Data Spine FAQs


Question 1: Do I need to register my services to the Service Registry (SR)? Why?

Answer:

Case 1: Asynchronous Pub/Sub communication example

Asynchronous Pub/Sub communication example

  • Registration of APIs with topics ‘p1/topic1’, and ‘s1-topic1’ is necessary

  • [MUST] p1/topic1: Needs to be discovered by the potential Service Consumers (SCs) and the SCs need to know the API spec of the service in order to create integration flows. Hence, this API needs to be registered to the SR.

  • [HIGHLY RECOMMENDED] s1/topic1: In this case, the Service Provider and the Service Consumer is the same user ‘subscriber1’ (i.e., subscriber1 created the integration flow that consumes ‘p1/topic1’, transforms data, and publishes the transformed data over topic ‘s1/topic1’. subscriber1’s service ‘sub1’ then subscribes to this topic ‘s1/topic1’). It’s still recommended to register this API to the SR as it would be useful in the long run. For example, if the integration flow needs to be updated in the future or if the project/task is handed over to another user. In such cases, if the Service/API isn’t registered, the details would then have to be “reverse engineered” from the code or from the data transformation mapping rules or by subscribing to the topic and examining the response payload for different inputs - which could be time consuming and error-prone. Moreover, if the integration flow transforms the data to conform to a standard data model (e.g., OGC-SensorThings), more service consumers that expect the data conforming to that data model could benefit from the service/API registration.

    Case 2: Synchronous request-response communication example

    Synchronous request-response communication example

  • Registration of ‘EP1’ and ‘EP1p-C’ is necessary

  • [MUST] EP1: Needs to be discovered by the potential Service Consumers (SCs) and the SCs need to know the API spec of the service in order to create integration flows. Hence, this API needs to be registered to the SR.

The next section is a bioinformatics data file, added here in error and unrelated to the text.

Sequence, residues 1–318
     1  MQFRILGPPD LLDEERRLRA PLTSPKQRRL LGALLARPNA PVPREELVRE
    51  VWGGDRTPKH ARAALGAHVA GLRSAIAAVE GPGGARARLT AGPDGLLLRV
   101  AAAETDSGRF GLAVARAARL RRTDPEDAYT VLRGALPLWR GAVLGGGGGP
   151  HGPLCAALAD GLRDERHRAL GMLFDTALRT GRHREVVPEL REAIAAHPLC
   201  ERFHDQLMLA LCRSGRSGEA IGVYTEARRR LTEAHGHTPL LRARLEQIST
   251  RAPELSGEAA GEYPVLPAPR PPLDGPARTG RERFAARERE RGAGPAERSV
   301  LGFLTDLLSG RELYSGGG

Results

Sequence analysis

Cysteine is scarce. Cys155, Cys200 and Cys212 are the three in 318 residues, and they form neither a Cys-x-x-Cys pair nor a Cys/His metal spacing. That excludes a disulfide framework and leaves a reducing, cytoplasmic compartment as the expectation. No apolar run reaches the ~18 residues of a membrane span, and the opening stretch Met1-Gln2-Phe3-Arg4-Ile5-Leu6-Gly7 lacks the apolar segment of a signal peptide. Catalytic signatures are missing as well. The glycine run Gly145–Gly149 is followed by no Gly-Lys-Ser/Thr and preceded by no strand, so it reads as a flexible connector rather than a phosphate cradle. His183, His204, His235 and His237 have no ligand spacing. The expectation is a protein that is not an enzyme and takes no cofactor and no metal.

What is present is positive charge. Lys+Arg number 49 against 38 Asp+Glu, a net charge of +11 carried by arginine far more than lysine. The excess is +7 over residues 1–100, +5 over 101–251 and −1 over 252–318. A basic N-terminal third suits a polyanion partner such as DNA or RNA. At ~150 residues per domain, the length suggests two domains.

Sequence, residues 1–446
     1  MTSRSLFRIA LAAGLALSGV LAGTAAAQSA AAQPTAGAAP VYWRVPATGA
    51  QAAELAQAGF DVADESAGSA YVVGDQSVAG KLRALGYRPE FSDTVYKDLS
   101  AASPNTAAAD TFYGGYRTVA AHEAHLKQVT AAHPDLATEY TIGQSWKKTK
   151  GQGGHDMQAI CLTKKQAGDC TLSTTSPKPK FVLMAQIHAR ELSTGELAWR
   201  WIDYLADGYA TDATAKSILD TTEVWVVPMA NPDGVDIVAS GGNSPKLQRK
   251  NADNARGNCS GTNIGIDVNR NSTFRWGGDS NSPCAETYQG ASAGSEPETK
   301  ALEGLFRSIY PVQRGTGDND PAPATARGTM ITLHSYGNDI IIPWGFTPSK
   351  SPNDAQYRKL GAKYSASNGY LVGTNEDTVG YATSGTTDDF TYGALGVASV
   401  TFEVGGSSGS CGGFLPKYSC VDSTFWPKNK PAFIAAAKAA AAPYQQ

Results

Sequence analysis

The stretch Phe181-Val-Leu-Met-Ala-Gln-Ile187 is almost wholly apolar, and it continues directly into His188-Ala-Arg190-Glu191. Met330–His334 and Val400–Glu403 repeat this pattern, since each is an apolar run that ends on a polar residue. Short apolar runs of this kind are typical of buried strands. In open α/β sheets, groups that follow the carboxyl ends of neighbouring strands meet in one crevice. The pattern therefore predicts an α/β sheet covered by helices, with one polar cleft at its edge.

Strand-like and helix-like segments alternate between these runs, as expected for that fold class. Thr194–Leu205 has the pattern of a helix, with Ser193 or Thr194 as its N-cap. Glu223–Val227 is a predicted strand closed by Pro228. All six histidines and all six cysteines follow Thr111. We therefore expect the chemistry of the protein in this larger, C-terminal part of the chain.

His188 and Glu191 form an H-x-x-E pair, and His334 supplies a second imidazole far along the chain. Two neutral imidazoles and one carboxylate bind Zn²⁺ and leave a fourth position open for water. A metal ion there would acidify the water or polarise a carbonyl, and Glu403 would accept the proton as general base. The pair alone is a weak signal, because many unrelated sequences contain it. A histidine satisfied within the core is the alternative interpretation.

• [MUST] EP1p-C: (1) The user consumer1 intends to consume the endpoint ‘EP1p-C’ from their service ‘CS1’, which is not accessible directly. A secure proxy endpoint ‘EP1p-Cp’ must be created in the API Security Gateway (ASG) for ‘EP1p-C’, which can then be consumed. In the case of synchronous request-response communication, whenever a secure proxy API needs to be created for a given API, the API needs to be registered to the SR. The ASG periodically scans the SR for new registrations and automatically creates secure proxy APIs for those. Therefore, ‘EP1p-C’ must be registered in the SR. (2) Regarding creating and registering the API spec (OpenAPI/Swagger spec) for ‘EP1p-C’ to the SR: In this case, the Service Provider and the Service Consumer is the same user ‘consumer1’ (i.e., the user ‘consumer1’ created the integration flow that listens for requests over ‘EP1p-C’, upon receiving a request, transforms the request payload if required, calls ‘EP1p’, transforms the response payload and returns the response. It is consumer1’s own service ‘CS1’ that intends to invoke ‘EP1p-C’). It’s still recommended to register the API spec for ‘EP1p-C’ to the SR as it would be useful in the long run. For example, if the integration flow needs to be updated in the future or if the project/task is handed over to another user. In such cases, if the Service/API isn’t registered, the details would then have to be “reverse engineered” from the code or from the data transformation mapping rules or by calling the endpoint and examining the response payload for different inputs - which could be time consuming and error-prone. Moreover, if the integration flow transforms the data to conform to a standard data model (e.g., OGC-SensorThings), more service consumers that expect the data conforming to that data model could benefit from the service/API registration.